ABERCROMBIE – Northern Pulp has notified Nova Scotia Environment of its intention to pause the Environment Assessment for the new Effluent Treatment Facility (ETF).
A press release issued by the company says this move is to facilitate further detailed discussions with stakeholders about how Northern Pulp and the community can best work together to foster a clean environment, maintain and protect jobs, and contribute to a strong Nova Scotian economy.
“We remain concerned that the Environmental Assessment, based on the current terms of reference, is ambiguous and would not result in a clear outcome. Instead, it could lead to more uncertainty, division, and disappointment among stakeholders,” said Graham Kissack, VP, Environment, Health, Safety and Communications for Paper Excellence Canada, on behalf of Northern Pulp.
“Pausing the assessment will provide time for us to further engage the community in discussion about the mill and its future, how we can best co-exist, and an appropriate Environmental Assessment process for the environmental improvement being proposed.”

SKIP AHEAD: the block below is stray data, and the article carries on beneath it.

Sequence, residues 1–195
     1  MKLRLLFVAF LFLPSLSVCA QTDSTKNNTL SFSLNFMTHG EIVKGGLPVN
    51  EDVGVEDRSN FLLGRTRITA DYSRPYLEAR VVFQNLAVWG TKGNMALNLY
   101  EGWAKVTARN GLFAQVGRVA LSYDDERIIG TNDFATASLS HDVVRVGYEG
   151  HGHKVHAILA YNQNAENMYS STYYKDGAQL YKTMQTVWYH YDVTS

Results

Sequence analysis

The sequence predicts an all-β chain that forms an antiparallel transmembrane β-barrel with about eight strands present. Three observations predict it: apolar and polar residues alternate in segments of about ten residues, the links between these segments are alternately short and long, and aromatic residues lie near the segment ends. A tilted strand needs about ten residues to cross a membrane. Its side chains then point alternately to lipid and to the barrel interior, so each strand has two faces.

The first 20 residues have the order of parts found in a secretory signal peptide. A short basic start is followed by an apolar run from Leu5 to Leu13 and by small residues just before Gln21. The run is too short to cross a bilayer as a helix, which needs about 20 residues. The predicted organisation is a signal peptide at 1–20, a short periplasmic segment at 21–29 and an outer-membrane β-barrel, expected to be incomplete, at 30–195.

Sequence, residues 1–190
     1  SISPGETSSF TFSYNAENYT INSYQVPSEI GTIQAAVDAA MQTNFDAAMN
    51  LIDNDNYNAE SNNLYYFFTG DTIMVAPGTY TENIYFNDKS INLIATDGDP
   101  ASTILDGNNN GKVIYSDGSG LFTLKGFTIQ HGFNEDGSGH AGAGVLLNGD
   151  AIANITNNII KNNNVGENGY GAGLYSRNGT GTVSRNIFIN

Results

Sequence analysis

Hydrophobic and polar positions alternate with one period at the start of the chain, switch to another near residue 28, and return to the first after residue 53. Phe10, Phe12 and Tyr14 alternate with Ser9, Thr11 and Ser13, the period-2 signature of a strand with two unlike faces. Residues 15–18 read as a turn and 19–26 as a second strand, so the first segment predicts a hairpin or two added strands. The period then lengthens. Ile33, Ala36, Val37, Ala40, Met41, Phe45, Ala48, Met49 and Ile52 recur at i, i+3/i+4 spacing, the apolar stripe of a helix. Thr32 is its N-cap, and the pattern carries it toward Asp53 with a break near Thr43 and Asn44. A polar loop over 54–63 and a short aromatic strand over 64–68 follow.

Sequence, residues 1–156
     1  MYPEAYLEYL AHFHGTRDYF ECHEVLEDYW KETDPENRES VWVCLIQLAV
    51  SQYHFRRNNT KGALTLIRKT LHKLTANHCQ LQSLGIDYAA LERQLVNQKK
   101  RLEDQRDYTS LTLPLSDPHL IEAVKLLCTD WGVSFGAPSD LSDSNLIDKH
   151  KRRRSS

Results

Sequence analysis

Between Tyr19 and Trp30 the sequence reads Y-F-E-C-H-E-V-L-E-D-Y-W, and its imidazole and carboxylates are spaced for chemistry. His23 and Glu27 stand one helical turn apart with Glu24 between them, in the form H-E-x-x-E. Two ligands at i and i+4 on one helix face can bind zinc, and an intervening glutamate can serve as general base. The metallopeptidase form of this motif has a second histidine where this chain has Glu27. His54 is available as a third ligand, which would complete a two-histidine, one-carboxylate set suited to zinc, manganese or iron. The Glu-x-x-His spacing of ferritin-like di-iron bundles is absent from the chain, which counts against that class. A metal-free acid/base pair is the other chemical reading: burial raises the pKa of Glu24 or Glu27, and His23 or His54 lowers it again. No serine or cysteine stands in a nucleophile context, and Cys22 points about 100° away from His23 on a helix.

The mill was forced to stop production by January 31, 2020, after the Province of Nova Scotia’s decision to require Northern Pulp to cease using the Boat Harbour Effluent Treatment Facility to treat effluent from its pulp mill over a decade prior to the end of the term of the lease for the Boat Harbour facility. This closure left the mill with no ability to treat or transport pulp effluent.
Since January, Northern Pulp has been conducting a safe and environmentally sound hibernation of the mill, which would allow it to reopen in the event a proposed new ETF receives the necessary approvals.
Yesterday, Northern Pulp filed an appeal with the Nova Scotia Supreme Court related to the order Nova Scotia’s Minister of Environment issued to Northern Pulp on May 14, 2020 for management of the Northern Pulp site during its hibernation. The mill says the new Ministerial Order imposes terms and conditions, in addition to those in a January 2020 Ministerial Order that are impractical and show a lack of understanding of the pulp and paper industry and effluent treatment facilities.
“We want to operate in Nova Scotia and believe that a modern mill and healthy environment can co-exist in Pictou County, just like it does in 89 other communities with pulp and paper mills across Canada,” said Kissack.